Spooked by probes, pharma executives ask: should I leave China?
SHANGHAI (Reuters) - China's crackdown on corruption in the pharmaceutical sector has frightened foreign executives so much that some fear they could be jailed and have asked their lawyers if they should leave the country for six months. Others are thinking of going for good.
While the crackdown has been building for a year, Chinese police shocked the foreign business community a month ago when they filed corruption charges against Mark Reilly, former China head of British drugmaker GlaxoSmithKline Plc. The Briton, who has been barred from leaving China, could face decades in prison.
Even before then, executives were getting worried about a wave of visits from police and regulators to their offices as well as articles in Chinese media alleging corrupt practices against many global drugmakers.
The charges against Reilly had prompted some senior executives to look at all contingencies, several legal and industry sources said.
"Many of our clients are asking about personal liabilities and insurance, with executives asking if they are put in jail what will happen to their families and how the company will provide protection for them," said John Huang, Shanghai-based co-founder and managing partner at law firm MWE China.
Police said a year-long investigation found GSK made billions of yuan from schemes to bribe doctors and hospitals. Two senior Chinese executives were also charged.
Britain's biggest drugmaker has said the accusations were "deeply concerning" and that it had zero tolerance for bribery. Reilly has not been reachable for comment while his lawyer has declined to talk to the media. Reilly's whereabouts are unknown.
LOOKING FOR THE EXIT
Global drugmakers contacted by Reuters declined to comment about the crackdown and how it was affecting executive morale in the world's third-largest pharmaceutical market.
But Huang and two pharmaceutical executives said some managers were reconsidering the legal risks involved in holding any position where they were responsible for some of the thousands of marketing and sales staff that global firms employ across China.
Investigators have focused on those staff and how they deal with poorly paid doctors and administrators in public hospitals, the biggest buyers of medicine in China.
The crackdown, which shows no sign of abating, coincides with a wider campaign by President Xi Jinping against corporate and official graft.
Lawyers said some executives and in-house counsel had sought legal advice about leaving China to avoid getting caught up in any future probes. Some top managers were actively pursuing career options outside China, said one source.
Others were contemplating a more temporary escape until the worst blew over.
"They are thinking about leaving China short-term, staying out of the country on a three or six-month rotation," said another Shanghai-based lawyer, who asked not to be identified because of the sensitivity of the subject.
By moving abroad, executives would avoid being arrested should there be any formal investigation into their firms, lawyers said. Executives had sought advice on relocating to Singapore, Hong Kong and other destinations, they added.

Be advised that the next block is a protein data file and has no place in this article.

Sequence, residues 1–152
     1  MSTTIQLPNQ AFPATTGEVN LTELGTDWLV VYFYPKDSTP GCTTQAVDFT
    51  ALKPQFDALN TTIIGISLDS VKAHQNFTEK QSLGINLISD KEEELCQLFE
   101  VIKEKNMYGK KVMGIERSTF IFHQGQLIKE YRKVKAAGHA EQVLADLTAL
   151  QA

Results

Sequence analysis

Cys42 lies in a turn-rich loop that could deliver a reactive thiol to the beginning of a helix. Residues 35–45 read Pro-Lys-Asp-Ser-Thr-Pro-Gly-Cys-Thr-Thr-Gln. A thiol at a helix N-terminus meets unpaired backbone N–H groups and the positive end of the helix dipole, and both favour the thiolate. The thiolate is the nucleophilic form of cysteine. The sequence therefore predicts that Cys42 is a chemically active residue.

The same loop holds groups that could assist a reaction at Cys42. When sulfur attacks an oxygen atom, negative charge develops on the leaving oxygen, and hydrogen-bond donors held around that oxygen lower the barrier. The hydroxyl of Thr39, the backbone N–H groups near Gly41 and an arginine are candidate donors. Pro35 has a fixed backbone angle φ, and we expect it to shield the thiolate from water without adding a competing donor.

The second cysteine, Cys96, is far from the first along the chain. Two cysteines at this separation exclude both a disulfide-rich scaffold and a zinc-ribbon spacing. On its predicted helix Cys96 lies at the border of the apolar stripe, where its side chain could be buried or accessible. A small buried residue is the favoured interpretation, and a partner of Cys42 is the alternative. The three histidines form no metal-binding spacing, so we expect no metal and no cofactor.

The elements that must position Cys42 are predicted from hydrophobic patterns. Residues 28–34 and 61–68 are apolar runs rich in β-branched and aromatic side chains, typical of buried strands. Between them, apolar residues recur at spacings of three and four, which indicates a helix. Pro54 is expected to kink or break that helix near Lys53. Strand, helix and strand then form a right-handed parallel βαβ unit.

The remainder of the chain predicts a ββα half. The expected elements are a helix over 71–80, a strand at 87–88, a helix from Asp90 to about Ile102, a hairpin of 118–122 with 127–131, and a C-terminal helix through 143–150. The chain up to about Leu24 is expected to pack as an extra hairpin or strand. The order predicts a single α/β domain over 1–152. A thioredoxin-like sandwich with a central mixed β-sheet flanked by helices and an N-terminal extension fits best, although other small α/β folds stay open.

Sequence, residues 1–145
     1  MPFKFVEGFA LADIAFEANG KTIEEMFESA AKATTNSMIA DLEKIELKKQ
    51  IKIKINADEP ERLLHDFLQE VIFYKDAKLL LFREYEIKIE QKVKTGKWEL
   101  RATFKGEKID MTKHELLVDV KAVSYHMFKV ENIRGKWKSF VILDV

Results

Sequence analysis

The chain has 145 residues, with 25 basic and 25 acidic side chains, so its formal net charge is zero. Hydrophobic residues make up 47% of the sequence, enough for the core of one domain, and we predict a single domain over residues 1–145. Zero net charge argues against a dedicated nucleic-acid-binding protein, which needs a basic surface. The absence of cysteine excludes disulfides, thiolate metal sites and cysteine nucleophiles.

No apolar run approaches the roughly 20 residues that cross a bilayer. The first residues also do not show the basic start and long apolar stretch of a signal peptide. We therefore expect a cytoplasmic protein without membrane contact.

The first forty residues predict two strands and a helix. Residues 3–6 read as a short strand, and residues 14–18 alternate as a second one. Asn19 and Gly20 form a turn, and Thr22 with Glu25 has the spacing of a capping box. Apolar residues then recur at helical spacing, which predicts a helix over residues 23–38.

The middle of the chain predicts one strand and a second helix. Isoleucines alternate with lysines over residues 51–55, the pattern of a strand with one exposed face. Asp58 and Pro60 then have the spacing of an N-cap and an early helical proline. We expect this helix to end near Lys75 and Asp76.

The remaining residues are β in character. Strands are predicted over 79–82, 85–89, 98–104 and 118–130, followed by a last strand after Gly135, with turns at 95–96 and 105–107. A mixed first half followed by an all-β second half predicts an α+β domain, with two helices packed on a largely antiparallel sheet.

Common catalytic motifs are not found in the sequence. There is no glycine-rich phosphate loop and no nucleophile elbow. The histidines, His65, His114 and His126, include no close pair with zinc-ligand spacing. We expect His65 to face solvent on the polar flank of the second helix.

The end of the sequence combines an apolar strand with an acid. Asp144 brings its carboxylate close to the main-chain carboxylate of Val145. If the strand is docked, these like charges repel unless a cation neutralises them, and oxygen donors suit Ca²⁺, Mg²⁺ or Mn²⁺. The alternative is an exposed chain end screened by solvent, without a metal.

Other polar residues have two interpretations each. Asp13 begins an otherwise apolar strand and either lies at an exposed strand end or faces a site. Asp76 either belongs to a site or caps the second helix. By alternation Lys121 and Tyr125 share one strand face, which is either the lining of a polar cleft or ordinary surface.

Some international firms were also finding it harder to attract staff to China, said the two pharmaceutical executives at separate global drugmakers, who declined to be identified because they were not authorised to speak to the media.
Other executives believe the GSK case is a one-off event and are more focused on not falling foul of the U.S. Foreign Corrupt Practices Act (FCPA), which can apply to a wide variety of firms that have business ties to the United States.
That would be a mistake, said Steven Dickinson, partner at law firm Harris Moure in the Chinese port city of Qingdao.
"Every week I write an email saying you're missing the point - you won't have time to get hit by the U.S. law because you'll be in jail in China," Dickinson said.
While formal charges have only been levelled against GSK executives, virtually all big drugmakers in China have come under scrutiny from police or regulators.
Last year authorities visited Novartis AG of Switzerland, Britain's AstraZeneca Plc, Sanofi SA of France, U.S. firm Eli Lilly & Co, Germany's Bayer AG and Danish drugmaker Novo Nordisk A/S.
All said they were cooperating with the authorities and that they did not condone bribery.
Most recently, Swiss drugmaker Roche Holding AG said last month its Hangzhou office in eastern China was visited by China's anti-graft watchdog, the State Administration for Industry & Commerce (SAIC). The regulator declined to give details while Roche said it would cooperate with the authorities.
A leaked memo from the Health Ministry in Hangzhou also named Eli Lilly, Novo Nordisk and AstraZeneca as examples of drugmakers suspected of making kickbacks. The three firms said they had not been contacted by authorities over the matter.
Several global drugmakers including Novo Nordisk, Eli Lilly and Roche have also changed their China heads in the past year. The three firms said the moves had nothing to do with the crackdown.
GSK replaced Reilly in July after the investigation into the company was announced. Johnson & Johnson appointed a China chairman in a newly created role in August to oversee the firm's business. The U.S. company declined to comment on the move.
(Additional reporting by Kazunori Takada and John Ruwitch; Editing by Dean Yates and Mark Bendeich)
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